Photo Coutresy LanaDelRey.com
The self-proclaimed “gangsta Nancy Sinatra,” up-and-coming singer Lana Del Rey, recently marked her major label debut with the new record, “Born to Die.”
Ever since the music video for Del Rey’s buzz-worthy track “Video Games” had the Internet in frenzy late last year, this album has been hotly anticipated. Del Rey delivers 12 tracks of what she defines as a unique genre called “Hollywood Sadcore.” Is it Hollywood? Yes. Is it sad? Definitely. The album plays out as a dramatic soundtrack for a girl longing for love in all the wrong places. Del Rey effortlessly uses the lower register of her voice to transition from damsel in distress (“Summertime Sadness”) to swagger carrying hip-hoptress (“Diet Mountain Dew”) with beautiful hints of high-note heartbreak dispersed throughout.
Nothing on the album touches the sweeping grandeur of “Video Games,” the record’s best. The track got Del Rey noticed for a reason with its opening bell ushering in dreamy harps, a solemn piano and soaring strings that back her distinctively vintage voice. Del Rey’s performance on the orchestral ballad is both haunting and heartfelt as she spills about the glamour and gloom she shares with her love.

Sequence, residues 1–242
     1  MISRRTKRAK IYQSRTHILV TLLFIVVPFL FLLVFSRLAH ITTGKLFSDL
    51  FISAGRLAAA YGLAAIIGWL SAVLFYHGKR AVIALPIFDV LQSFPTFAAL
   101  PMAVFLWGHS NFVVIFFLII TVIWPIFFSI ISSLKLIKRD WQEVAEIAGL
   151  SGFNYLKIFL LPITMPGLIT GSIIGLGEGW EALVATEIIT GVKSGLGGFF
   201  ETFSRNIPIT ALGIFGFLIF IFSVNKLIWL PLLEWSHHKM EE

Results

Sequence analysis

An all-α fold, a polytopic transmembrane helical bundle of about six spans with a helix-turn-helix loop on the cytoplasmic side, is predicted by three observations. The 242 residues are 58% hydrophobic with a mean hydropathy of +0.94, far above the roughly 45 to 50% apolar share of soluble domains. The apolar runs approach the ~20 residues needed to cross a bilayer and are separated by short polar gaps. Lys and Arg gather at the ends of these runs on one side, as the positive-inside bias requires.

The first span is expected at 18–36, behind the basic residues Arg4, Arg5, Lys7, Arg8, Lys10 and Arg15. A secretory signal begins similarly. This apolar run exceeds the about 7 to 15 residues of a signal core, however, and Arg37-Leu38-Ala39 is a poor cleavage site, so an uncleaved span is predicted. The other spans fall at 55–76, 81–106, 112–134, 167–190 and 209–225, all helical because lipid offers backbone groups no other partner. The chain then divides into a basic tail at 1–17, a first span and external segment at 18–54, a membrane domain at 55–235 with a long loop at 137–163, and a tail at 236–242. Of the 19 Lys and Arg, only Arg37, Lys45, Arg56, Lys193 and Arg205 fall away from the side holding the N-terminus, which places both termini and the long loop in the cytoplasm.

“Radio,” is another standout track where Del Rey addresses her detractors with lyrics like, “Their heavy words can’t bring me down / Boy, I’ve been raised from the dead.” Instead of dwelling on the haters in this mid-tempo number, Del Rey relishes the good life during the chorus, depicting it to be “Sweet like cinnamon / Like a fucking dream I’m living in.” This is probably her most, dare I say, radio-ready song on the album.
Del Rey is at her slyest on the jubilant “National Anthem” as she raps about the excesses of fame and love over cinematic strings and a hard-hitting beat. She lays it on thick in a seductive manner with her Betty Boop-like vocal delivery. Lyrically, Del Rey is on-point with the smooth flow in her rhymes as she confidently serves up lines like, “You said to ‘be cool,’ but I’m already the coolest / You said to ‘get real,’ don’t you know who you’re dealing with?” The indie-pop rookie comes out strong on this track.
Elsewhere on the record, Del Rey shows more vocal versatility as her voice gorgeously flutters in a few runs on “Dark Paradise,” a track that has the singer hung up on a dead lover. Del Rey also dabs in some spoken word near the end of “This is What Makes Us Girls” as she describes her wild child days of being part of the “freshman generation of degenerate beauty queens.” The revealing song details crazy nights of downtown debauchery. Consider the album highlight a “Girls Just Want to Have Fun” for the “Skins” crowd.
Though it’s still early in the year, “Born to Die” is poised to be a strong contender for one of 2012’s best offerings yet, with Lana Del Rey’s melancholy melodrama playing out well on her first major record. Much like Del Rey’s demeanor, this record boasts a set of songs with classic and elegant production values that are complimented with slight elements of fresh and cool hip-hop. Sad has never sounded so good.